Waterolour painting of an entrance to the Park de a Ciutadella, Barcelona, by John Haywood

A return to (watercolour) form?

Some of you may recall from last week’s post that, in the true tradition of poor artists, crafts or tradespeople, I was placing the blame of my recent frustrations firmly on my choice of paper. I was pleased then to receive a new supply of Saunders Waterford. In the past I’ve used the ‘regular Saunders Waterford rough’ and, one of the things that attracted me to Arches was the brighter whiteness of the paper, which I felt would give a greater sparkle to my paintings, particularly in any drybrush passages. On ordering this new batch of Saunders Waterford, I selected the ‘High White’ paper, which I hadn’t previously realised existed!

Here’s photo showing the two different types of Saunders Waterford alongside the Arches:

Top: Saunders Waterford high white. Middle: Arches. Bottom: Saunders Waterford (regular)
I’m sure many of you will appreciate the challenge of photographing slightly different shades of white, so you may just have to take my word for it that the Saunders Waterford High White is the ‘white-est’ of the three!I seem to recall that when I first switched to Arches, another attraction was what I perceived to be a slightly rougher surface, something again that I felt would suit my style of painting. In fact, I wrote a post quite some time ago describing my first reactions to the Arches: Same watercolour view, different watercolour paper
As my analysis is going to be particularly subjective, I feel that in the interests of fairness and balance, I should provide links to the respective voices of both Saunders Waterford and Arches so that anyone interested can compare what the manufacturers have to say.So, with a quarter sheet of Saunders Waterford 300gsm High White Rough all taped up, I spent an absolute age trying to figure out what to paint!  I leafed through packs and packs of reference photos, eventually landing on a Barcelona view that I’ve long considered painting, but never quite felt up to it. Even after sketching it out, I was feeling very doubtful about my prospects of success. The scene was very busy with details which I was conscious would need stripping back, and I also felt needed to add in a lot of figures to make it work too. First up is the finished effort, followed by an outline description of how I painted this scene.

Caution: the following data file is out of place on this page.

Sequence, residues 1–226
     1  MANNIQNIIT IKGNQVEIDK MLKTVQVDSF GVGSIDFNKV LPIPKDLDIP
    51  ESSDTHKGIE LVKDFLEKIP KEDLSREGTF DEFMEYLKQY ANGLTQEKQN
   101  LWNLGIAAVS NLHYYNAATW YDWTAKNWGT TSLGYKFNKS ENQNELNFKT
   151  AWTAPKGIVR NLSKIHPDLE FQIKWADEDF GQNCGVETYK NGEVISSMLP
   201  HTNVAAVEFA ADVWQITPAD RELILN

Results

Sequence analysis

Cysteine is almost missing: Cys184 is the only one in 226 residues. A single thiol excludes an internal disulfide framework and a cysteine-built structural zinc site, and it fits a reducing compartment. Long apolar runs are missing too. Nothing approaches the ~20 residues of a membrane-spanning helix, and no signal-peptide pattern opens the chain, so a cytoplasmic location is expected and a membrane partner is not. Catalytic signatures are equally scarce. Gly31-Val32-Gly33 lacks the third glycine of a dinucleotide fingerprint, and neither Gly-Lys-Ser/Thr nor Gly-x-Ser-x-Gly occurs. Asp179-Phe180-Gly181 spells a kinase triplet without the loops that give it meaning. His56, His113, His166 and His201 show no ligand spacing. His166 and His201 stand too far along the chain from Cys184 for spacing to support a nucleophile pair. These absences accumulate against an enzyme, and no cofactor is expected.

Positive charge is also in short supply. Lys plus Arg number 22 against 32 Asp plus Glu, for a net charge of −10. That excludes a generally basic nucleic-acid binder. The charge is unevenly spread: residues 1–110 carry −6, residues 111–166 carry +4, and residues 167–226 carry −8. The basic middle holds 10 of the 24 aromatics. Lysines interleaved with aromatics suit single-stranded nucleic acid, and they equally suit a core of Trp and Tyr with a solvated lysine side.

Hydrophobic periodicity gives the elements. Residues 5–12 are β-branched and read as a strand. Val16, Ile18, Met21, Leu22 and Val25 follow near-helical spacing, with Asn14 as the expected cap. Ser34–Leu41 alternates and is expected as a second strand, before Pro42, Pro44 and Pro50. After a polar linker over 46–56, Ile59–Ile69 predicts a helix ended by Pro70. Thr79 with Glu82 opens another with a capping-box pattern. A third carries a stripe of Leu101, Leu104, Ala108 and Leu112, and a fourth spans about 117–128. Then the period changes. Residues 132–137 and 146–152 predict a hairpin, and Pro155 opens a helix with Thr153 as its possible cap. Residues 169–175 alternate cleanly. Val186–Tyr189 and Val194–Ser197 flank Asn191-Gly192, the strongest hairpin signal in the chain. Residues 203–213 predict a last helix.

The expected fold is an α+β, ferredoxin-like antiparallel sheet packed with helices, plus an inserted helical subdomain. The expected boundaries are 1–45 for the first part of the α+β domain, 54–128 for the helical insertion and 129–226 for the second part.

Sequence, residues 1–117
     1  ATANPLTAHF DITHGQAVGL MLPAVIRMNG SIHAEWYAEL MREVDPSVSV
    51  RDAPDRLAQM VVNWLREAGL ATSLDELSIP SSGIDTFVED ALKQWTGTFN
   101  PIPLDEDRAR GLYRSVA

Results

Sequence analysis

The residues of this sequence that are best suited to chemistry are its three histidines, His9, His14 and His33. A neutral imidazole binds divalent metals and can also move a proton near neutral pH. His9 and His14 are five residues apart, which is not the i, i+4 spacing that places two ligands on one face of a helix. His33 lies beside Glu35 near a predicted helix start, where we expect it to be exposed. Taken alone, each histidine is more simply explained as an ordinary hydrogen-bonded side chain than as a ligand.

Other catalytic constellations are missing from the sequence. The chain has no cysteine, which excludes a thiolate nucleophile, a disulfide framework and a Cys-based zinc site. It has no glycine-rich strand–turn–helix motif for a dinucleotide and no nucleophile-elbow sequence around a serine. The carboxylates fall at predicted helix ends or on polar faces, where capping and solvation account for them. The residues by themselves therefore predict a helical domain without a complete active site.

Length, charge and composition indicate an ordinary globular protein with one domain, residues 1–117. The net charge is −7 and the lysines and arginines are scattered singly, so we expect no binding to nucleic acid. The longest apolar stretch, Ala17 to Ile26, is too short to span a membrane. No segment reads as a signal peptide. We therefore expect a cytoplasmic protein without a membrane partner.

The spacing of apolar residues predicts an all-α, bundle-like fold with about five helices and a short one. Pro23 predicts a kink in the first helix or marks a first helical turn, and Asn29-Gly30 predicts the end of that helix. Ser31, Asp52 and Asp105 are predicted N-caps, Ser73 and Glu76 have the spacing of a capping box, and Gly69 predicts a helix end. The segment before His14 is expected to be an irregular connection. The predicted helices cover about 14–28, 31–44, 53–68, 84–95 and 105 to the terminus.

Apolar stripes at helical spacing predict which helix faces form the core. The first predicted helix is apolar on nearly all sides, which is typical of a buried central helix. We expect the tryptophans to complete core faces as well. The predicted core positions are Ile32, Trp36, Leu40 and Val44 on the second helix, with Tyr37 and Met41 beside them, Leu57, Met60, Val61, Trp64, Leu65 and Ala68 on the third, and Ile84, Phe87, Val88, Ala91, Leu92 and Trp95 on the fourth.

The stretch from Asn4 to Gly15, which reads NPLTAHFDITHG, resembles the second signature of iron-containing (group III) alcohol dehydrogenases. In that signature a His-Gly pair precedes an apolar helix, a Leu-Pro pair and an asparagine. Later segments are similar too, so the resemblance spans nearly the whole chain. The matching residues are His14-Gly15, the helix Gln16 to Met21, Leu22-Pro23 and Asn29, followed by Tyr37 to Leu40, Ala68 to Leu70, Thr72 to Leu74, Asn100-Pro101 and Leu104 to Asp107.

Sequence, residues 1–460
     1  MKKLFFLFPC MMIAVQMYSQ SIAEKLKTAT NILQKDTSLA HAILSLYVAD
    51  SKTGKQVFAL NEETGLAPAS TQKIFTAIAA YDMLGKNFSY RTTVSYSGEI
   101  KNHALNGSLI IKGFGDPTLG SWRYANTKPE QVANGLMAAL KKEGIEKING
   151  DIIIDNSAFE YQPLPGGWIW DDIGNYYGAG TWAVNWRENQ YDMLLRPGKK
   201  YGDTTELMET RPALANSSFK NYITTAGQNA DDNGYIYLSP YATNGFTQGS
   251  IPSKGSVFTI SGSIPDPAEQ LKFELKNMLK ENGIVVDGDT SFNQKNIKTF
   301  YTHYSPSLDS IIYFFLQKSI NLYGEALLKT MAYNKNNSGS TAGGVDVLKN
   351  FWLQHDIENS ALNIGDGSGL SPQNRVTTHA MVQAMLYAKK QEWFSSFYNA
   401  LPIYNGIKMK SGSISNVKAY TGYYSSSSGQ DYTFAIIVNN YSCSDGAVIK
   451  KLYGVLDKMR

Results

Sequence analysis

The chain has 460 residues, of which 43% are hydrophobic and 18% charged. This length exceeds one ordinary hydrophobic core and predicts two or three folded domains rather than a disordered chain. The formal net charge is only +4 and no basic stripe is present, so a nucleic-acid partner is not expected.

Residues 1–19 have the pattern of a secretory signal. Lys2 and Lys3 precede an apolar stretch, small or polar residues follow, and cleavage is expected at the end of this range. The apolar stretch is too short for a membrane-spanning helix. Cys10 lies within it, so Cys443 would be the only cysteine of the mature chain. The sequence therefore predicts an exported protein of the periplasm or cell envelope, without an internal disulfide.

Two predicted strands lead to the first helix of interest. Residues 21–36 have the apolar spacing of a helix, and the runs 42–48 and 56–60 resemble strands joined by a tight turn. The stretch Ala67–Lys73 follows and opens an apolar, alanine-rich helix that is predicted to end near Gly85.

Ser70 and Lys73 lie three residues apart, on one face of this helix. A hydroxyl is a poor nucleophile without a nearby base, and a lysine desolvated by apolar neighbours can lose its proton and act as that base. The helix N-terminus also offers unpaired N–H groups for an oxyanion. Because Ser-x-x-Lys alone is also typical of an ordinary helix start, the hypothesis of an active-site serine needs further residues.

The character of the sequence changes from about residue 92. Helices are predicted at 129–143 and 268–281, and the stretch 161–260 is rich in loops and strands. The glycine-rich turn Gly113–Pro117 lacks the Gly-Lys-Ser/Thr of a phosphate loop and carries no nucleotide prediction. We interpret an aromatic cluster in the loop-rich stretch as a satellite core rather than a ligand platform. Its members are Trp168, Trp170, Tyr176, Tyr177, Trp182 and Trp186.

Waterolour painting of an entrance to the Park de a Ciutadella, Barcelona, by John Haywood
Entrance to the Park de la Ciutadella, Barcelona

I first washed in a diluted raw sienna across the lower part of the sky, followed immediately by a diluted cobalt blue across the top of the sky, allowing it to bleed and run into the raw sienna. While still damp, I started to drop in a variety of greens to suggest the distant trees and greenery, and then a very feint bluey purple to indicate some distant buildings above the treetops. Still working my way down the page, I started to strengthen the wash, also being mindful to keep the line irregular for where the foliage meets the path, so that I could later use these to suggest people in the distance, and also cutting around the plinth in the middle of the path.

Next came another wash to cover the mid-distance into the foreground, and then a light blue-grey wash for the tarmac of the road. This was all done pretty quickly and I recall really enjoying how the paint was behaving on the paper. It did feel different to the Arches, the paint seemed to ‘stay alive’ for longer – although to be fair to the Arches, I was also conscious that I was working ‘wetter’ than of late, carrying much more moisture in my brush.

By the time I’d finished completely covering the page with the first wash, the sky had dried and I mixed up some thick, juicy greens and, using a small mop brush, began to loosely suggest the foliage of the trees in the foreground. I was conscious of not trying to paint each leaf or each tree, but to try to paint the overall mass of trees, returning to the palette frequently to vary the colour combinations and the tone. This took a few minutes before I got into the swing of it, after which my main concern became not overdoing it, I still needed lots of sky to show through to create the light and the shadows that make the view.

Now that the bottom half of the painting had dried, I mixed up a darker ‘tarmac mix’ to put over the top of the road and to create the zebra crossing, which was a bit hairy but I tried to paint it with a certain amount of boldness rather than giving in to the temptation of being too tentative. And that was it for all of the main features. Changing brushes, I started to add in all of the figures, focussing more on creating a sense of people and activity rather than being overly prescriptive. This stage also included adding in the dry brush tree trunks. Although this paper doesn’t feel quite as rough as the Arches, it’s plenty rough enough to achieve some drybrush. Finally, came a switchback to a big mop brush and decent quantity of bluey/mauve shadow and then loosely throwing in the shadows from the figures and trying to capture the dappled light across the path and the road.